current growing economic disparity.
From John Kehoe’s Cell
first learned of the scheduled Bucknell
presentation from friends who live in Bloomsburg. I subsequently contacted John
Rickard and advised him of my research, in particular the essay collection
posted from September through November 2016 to this blog, From John
Both Rickard and Adrian Mulligan
paused midway through their presentations to acknowledge my contributions. Both
referred to my position as a “Molly” descendant and to the scholarship
contained in the work posted to the blog, which includes documentation showing that
prior to their arrests, a number of Hibernians charged as “Mollies” had been elected
as school directors.
In his concluding remarks, Mulligan
spoke of the need to share these findings with today’s students. Rickard had mentioned a number of times during his remarks that winners usually
write the history. He concluded: “Now the descendants are writing the history.”
The Kehoe Foundation
careful study of Pennsylvania’s
“Molly Maguire” conflict yields innumerable echoes of today’s challenges, from
the dangers of unbridled nativist rhetoric to the perils associated with fake
news to the potentially tragic effects of corporate, political, judicial, and clerical abuse of
In 2013, I formed the Kehoe
Foundation, with interested individuals, as a 501c3 research foundation. Its
goals include education into the intricacies of Pennsylvania’s “Molly Maguire”
conflict to help inform and illuminate current scenarios—educational,
political, and cultural.
are invited to browse the collection of essays posted here.
“Who Was John Kehoe?” documents finds from my travels to libraries and archives in five states. My family's long-held belief in John Kehoe's innocence and in the political nature of the “Molly Maguire” conflict guided this search. “Jug-Handled Justice” describes railroad president Franklin Gowen’s usurpation of Pennsylvania's criminal justice system for the duration of the “Molly” trials. At this essay's conclusion John Elliott, the attorney who helped secure John Kehoe's 1979 posthumous pardon, gives a summation of Gowen’s actions.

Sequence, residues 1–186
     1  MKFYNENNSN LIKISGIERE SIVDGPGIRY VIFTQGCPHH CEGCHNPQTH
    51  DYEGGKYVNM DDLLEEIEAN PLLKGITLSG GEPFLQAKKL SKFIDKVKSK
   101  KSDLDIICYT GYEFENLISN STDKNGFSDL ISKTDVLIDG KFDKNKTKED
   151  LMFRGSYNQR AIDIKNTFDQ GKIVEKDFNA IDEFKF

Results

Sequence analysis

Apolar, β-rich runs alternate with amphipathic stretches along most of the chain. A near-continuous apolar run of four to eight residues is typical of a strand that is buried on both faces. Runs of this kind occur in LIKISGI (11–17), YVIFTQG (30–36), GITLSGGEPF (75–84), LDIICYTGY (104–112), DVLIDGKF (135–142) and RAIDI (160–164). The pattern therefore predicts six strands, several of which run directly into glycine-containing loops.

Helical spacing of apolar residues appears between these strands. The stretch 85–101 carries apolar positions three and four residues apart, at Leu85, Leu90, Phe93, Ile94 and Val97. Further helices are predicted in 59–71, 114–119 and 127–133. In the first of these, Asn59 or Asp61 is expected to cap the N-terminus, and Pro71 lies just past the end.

“The ‘Mollies’ Were Also School Directors” gives the background of five Hibernians prosecuted as “Mollies” who served in office as school directors. This piece also documents a resurgent tide of nativist feeling that manifested in the northeastern United States in the early 1870s.
“Pennsylvania’s ‘Molly Maguires’: The Surprising Western
Caseload,” describes the “Molly” caseload in three western Pennsylvania
counties. This effort from 1878 to 1882 involved dozens of defendants, but yielded few convictions and no executions.
“The ‘Molly Maguires’ and the National Labor Union” describes the relationship between alleged “Molly” Patrick Hester and Richard
Trevellick, president during the early 1870s of the National Labor Union, a
countrywide coalition of tradesmen.
“The ‘Molly Kings’ and Greenback Labor Reform” describes the
role of Hibernians charged as “Mollies” in a progressive nineteenth-century financial
reform effort. In particular, this essay discusses the relationship between Kehoe
and U.S. Congressman John Killinger, a vocal proponent of Greenback Labor
Reform efforts in the early 1870s.
The tab labeled “JOHN KEHOE,” located above, offers a bio for Schuylkill County’s AOH delegate.
archived through the Library of Congress “Chronicling America” website helped
inform this body of work.
Flaherty This post was revised on September 1, 2017.